Israel Pulse

A song of praise: Netanyahu’s court journalists

Article Summary
Over the years, and especially since the 2015 election, Prime Minister Benjamin Netanyahu has been striving to set up a more submissive, sycophantic Israeli press that praises everything he does.

After an inquiry and suspension lasting several days, it was reported Feb. 17 that journalist Erel Segal will be returning to his show "Kalman and Segal" on the Israel Public Broadcasting Corporation Kan. The public channel announced, “Segal was notified that as a journalist working for public broadcasting, he is expected to maintain the journalistic code of ethics and standards.”

Segal’s suspension came as a result of his appearance in a propaganda video for Prime Minister Benjamin Netanyahu, alongside two other right-wing journalists, Yinon Magal and Shimon Riklin. Neither of those two men make any effort to hide their blind admiration for the prime minister. This particular video, which appeared on Netanyahu’s Twitter account Feb. 13, shows the three journalists singing Avihu Medina’s famous song “Praise Jerusalem,” together with Netanyahu. On social media, the video came to be known by the moniker, “Bibi [Netanyahu] and the Shofars [mouthpieces].”

There is not enough space here for a detailed account of how Segal, Yinon and Riklin became the modern-day equivalent of medieval town criers for Netanyahu’s public messages. As part of their alleged work as journalists, these three men serve as spokesmen of a sort, not only justifying but praising just about everything Netanyahu does, without the slightest hint of criticism. They had no criticism of the prime minister, when he dragged Israel into three successive election campaigns, or when he was indicted in district court. They believe that any criticism of Netanyahu is nothing more than the result of provocation by the media and the left, with the intent of removing the prime minister from power.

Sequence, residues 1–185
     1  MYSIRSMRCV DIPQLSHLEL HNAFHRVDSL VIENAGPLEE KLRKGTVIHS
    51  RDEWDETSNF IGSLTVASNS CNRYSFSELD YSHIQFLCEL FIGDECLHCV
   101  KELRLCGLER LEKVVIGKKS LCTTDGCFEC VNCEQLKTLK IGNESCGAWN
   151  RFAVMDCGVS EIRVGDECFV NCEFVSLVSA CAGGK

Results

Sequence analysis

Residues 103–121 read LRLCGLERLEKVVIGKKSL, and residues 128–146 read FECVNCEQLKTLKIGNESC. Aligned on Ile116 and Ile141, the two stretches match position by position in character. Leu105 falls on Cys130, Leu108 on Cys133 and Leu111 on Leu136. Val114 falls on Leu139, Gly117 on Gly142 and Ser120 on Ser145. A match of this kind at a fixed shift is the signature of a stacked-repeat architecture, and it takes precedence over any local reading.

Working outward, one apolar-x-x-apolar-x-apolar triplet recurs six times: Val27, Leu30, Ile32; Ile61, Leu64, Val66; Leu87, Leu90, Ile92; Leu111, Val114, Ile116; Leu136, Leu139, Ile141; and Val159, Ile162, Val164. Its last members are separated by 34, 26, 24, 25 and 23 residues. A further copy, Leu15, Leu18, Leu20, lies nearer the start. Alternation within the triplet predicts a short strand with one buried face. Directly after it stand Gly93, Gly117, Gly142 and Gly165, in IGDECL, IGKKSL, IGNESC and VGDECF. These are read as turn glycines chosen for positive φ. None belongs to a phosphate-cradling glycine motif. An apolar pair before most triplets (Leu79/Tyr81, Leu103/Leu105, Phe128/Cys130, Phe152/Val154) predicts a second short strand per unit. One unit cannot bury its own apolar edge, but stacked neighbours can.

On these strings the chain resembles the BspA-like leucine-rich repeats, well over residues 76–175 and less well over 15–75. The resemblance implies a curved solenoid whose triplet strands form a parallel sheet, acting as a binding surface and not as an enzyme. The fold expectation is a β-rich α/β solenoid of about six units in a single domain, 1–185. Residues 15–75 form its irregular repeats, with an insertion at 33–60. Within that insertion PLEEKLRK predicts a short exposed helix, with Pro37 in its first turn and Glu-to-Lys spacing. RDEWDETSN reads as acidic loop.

As usual, Netanyahu depicted the suspension of his minion Segal as another battle in the war between light and darkness. In Netanyahu’s mind, Segal was a casualty of the left, which is trying incessantly to defeat him. “At Kan they never show any sympathy, on the left they don’t have that. Nevertheless, he [Segal] was suspended. What a joke! It’s disgraceful!” said Netanyahu at an election rally. It is well known that Netanyahu is obsessed with the media. It was responsible for Case 2000 (allegedly plotting with Yedioth Ahronoth publisher for positive coverage) and Case 4000 (on Netanyahu’s ties with communication tycoon Shaul Elovitch), which led to his indictment for bribery, fraud and breach of trust. Over the years, and especially since the 2015 election, he has been striving to install a more submissive, sycophantic Israeli press, which praises everything he does. He wants a press similar to the newspaper Yisrael Hayom (Israel Today), which was created for him by billionaire Sheldon Adelson. Often, that newspaper’s headlines toed in line with Netanyahu’s official talking points.

According to Netanyahu, any unflattering or critical reports in the mainstream media result from the glaring “hatred of the left.” Remarks such as this trickle down to his admirers and supporters, who are convinced that the mainstream media is conspiring with the left to bring Netanyahu down. When Attorney General Avichai Mandelblit decided to indict Netanyahu for committing grave offenses in three separate cases — as aforementioned, two of them involving the media — Netanyahu’s supporters argued that the attorney general was unable to withstand the intense pressure being applied by the media and the left.

Netanyahu’s persecution complex has led him to terrorize the Israeli press, with particular emphasis on electronic media. He cut off the flow of oxygen to Channel 10 because of the bold investigative reports of its journalists, particularly Raviv Drucker, who first uncovered the submarine scandal, as well as the scandal surrounding the gifts that Netanyahu received. Netanyahu responded by introducing changes to the regulatory structure of the commercial networks in an effort to terrorize them. Having no other choice, and out of a desire to ease the pressure being applied to their oxygen pipes, various media outlets began to employ a crew of reporters, who can only be considered “court journalists.” One of the most prominent of these is political activist Yaakov Bardugo, who is not a journalist at all but who was appointed to the position of political commentator for Army Radio. He sits in the studio every evening, praising the leader and attacking the leader’s rivals, in what can only be compared to government propaganda in a banana republic.